Tag Archives: personal experience

Asperwomen – Thoughts

23 May

After posting Asperwomen: Adult Women with Asperger Syndrome. Moving towards a female profile of Asperger Syndrome, a reblog of a post from taniaannmarshall’s blog, along with my comments including my personal experiences, I wondered if I had revealed too much. Had I said too much about the similarity of my traits and experiences to those exhibited and experienced by women diagnosed with Asperger’s Syndrome? I certainly did not wish to diminish those who had been diagnosed, I was discussing my own experience. I had revealed a lot. But it did feel a little affirming and in a way an embracing of these traits. Perhaps writing from the perspective that I did, I expressed it in a way that normalised these traits and didn’t make it a point of negative difference. Perhaps also it is the way that traits are perceived that changes whether these traits are positive or negative. For example, the ability to absorb great amounts of information and the thirst for knowledge. These traits can definitely be seen as good and positive, especially in an academic / education environment.

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Asperwomen: Adult Women with Asperger Syndrome. Moving towards a female profile of Asperger Syndrome

23 May

An informative list of traits associated with Asperger’s Syndrome in women. Below, are my comments (and personal experience) I posted.

Thanks for a really informative list of traits / characteristics of Asperger’s Syndrome in women. I have not been diagnosed, and I don’t know if I would be diagnosed, but many of the traits describe how I work, see things and react emotionally. Definitely intense interests, good long term memory, perfectionism, emotionally aware and vulnerable to other’s emotions, feeling different to others applies to me. When I was younger (in primary and high school) I certainly felt different to others and I wanted to be like more “popular” people and I strived for that, but could never get there. I had my special interests and friends that were like minded so that helped. When I got to university I felt less pressured to be like others and I felt more comfortable with the feeling of being different. During postgraduate studies, I started to find myself – I embraced alternative music, lifestyles and fashions and I felt like I belonged, especially amongst a loosely collected group of people who celebrated their difference to the mainstream and made the point that they were different to others. I became alot more extroverted and socialised more. It was like I went through the stereotypical teenage years in my early twenties. During doctoral studies I travelled overseas. Being in a foreign city without family, friends and people who knew me, was a watershed experience, I shed something then. Back in my home country, over the next few years I went through great emotional turmoil, but I realised and discovered my same sex attraction (which had started with my fascination with an actress in a TV cop show in that foreign city). I eventually came out and I feel now, a few years later and a six year relationship, that I know who I am, and why I am different, but also I feel I can relate to a lot more people. While coming out (and going through depression / anxiety and chronic fatigue), a counsellor mentioned Asperger’s Syndrome to me. She said that many of the things I described fitted the traits / symptoms of this syndrome. Perhaps I was going through a transition stage where I was “overcoming” these Asperger’s traits and my personality and the way I saw things was changing. Thank you for a great article, and inspiring me to write about my experience.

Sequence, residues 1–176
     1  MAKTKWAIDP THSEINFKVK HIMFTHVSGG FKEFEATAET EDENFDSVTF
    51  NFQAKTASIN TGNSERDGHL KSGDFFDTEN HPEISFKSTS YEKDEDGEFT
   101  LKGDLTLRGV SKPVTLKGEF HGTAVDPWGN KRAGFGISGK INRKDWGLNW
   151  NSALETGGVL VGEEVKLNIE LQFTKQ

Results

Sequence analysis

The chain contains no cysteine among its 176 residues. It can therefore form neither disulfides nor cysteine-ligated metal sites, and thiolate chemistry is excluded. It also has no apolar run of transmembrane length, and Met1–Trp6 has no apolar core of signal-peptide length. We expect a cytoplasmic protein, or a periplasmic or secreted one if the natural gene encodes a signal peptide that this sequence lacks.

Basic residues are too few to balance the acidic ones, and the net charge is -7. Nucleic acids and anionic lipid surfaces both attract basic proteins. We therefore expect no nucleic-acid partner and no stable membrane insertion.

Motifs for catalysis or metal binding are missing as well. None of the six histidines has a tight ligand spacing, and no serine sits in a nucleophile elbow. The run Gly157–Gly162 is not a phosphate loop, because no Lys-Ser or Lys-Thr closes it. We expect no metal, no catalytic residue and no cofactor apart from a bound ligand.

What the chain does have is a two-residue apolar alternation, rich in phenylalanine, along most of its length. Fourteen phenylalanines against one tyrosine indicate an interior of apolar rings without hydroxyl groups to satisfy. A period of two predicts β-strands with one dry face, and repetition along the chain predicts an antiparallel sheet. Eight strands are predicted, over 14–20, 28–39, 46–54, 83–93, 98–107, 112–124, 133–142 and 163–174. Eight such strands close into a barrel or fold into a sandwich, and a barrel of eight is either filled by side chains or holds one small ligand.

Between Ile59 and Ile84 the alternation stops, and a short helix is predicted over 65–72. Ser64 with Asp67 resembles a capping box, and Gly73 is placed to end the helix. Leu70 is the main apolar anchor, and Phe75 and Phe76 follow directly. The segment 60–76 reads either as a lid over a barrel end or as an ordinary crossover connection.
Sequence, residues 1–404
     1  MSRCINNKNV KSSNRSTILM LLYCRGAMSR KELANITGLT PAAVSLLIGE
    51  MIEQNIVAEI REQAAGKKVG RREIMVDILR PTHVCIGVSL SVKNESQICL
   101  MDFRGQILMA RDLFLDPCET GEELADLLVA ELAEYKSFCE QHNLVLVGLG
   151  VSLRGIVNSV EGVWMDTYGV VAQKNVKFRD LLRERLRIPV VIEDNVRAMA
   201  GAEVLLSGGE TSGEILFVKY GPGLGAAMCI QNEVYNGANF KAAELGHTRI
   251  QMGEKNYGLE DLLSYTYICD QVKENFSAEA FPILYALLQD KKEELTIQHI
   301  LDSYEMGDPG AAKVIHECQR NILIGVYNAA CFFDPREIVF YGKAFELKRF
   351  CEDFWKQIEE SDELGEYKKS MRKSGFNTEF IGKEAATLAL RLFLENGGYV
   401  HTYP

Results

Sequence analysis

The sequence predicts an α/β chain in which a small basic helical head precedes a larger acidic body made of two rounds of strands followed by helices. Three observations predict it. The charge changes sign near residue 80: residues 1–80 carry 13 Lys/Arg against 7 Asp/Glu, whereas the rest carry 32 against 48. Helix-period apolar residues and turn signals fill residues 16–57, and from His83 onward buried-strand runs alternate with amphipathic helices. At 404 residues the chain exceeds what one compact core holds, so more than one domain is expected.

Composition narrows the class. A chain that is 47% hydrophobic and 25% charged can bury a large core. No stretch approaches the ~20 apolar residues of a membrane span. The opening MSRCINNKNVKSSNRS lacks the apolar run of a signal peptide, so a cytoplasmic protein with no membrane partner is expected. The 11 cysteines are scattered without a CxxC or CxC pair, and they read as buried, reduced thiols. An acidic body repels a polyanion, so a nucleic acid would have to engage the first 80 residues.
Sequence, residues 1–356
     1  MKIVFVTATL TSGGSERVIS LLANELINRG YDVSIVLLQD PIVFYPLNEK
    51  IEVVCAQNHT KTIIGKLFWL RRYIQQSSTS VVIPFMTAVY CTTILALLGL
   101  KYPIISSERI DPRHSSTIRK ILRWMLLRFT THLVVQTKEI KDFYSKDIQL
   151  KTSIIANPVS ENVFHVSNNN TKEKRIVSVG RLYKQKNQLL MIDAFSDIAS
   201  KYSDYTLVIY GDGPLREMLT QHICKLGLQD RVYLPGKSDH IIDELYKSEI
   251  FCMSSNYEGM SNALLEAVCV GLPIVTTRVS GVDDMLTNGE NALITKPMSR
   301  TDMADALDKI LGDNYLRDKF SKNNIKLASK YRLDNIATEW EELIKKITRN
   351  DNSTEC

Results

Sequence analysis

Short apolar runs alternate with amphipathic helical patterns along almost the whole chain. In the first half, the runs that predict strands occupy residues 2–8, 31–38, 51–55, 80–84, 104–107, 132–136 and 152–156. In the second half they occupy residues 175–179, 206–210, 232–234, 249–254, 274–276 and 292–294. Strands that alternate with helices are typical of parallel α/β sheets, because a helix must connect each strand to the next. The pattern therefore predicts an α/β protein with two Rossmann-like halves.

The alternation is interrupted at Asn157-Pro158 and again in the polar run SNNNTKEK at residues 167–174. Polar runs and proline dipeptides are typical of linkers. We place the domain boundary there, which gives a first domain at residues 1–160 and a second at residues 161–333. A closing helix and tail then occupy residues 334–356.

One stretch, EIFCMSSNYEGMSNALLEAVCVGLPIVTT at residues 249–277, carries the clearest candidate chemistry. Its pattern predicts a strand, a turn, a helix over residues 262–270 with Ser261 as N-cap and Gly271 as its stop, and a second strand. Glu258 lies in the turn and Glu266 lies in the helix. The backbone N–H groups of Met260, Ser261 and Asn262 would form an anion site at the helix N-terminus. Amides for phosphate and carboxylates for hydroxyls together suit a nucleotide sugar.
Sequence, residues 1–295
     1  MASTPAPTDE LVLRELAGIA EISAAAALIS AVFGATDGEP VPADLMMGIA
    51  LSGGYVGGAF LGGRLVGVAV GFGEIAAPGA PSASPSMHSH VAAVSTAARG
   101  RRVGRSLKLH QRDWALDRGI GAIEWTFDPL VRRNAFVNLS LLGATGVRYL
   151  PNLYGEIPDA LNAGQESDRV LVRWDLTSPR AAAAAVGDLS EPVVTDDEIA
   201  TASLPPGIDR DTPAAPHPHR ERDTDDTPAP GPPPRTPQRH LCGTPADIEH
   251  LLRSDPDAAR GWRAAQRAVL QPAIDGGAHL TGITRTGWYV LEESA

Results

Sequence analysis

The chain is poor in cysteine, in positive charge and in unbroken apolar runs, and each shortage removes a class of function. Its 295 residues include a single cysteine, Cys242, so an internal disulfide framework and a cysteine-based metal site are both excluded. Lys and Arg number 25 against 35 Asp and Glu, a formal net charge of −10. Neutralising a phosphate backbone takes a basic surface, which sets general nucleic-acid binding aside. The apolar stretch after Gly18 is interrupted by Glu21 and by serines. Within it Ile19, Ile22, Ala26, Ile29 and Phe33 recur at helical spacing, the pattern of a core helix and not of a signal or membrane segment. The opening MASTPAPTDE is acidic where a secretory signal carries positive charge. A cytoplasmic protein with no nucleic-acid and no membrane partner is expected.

Tania A. Marshall, M.Sc.

 

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Updated July 15th, 2018

Tania Marshall© 2013-2018. All rights reserved. Aspiengirl and Planet Aspien are trademarked. Thank you.

Aspienwomen : Adult Women with Asperger Syndrome. Moving towards a female profile of Asperger Syndrome. This blog has been viewed more than 500,000 times since I initially wrote it and was the inspiration for my second book, released August 29th, 2015, Foreword by Dr. Shana Nichols. and now an international bestseller. I am pleased to announce this book just received a 2016 IPPY eLit Gold Medal award in the ‘Women’s Issues’ category. This book is available at http://www.aspiengirl.com, Amazon, the Australian Council for Educational Research (ACER) and other fine bookstores.

Tania is available for fee-based in-person or Skype remote assessments, consultations, problem-solving sessions, intervention, and support. She also works regularly with a variety of professionals in many countries, in the areas of referrals and assisting individuals to obtain and/or receive an assessment, diagnosis…

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